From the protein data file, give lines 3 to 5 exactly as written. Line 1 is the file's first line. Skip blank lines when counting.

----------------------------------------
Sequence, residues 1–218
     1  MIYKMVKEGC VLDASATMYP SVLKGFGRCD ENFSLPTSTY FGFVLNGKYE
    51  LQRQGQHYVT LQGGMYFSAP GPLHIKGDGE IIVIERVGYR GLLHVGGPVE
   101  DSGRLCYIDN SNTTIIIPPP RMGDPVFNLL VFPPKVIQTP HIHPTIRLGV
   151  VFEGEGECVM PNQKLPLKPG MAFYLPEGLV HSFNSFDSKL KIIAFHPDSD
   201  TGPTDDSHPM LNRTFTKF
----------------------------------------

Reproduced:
    51  LQRQGQHYVT LQGGMYFSAP GPLHIKGDGE IIVIERVGYR GLLHVGGPVE
   101  DSGRLCYIDN SNTTIIIPPP RMGDPVFNLL VFPPKVIQTP HIHPTIRLGV
   151  VFEGEGECVM PNQKLPLKPG MAFYLPEGLV HSFNSFDSKL KIIAFHPDSD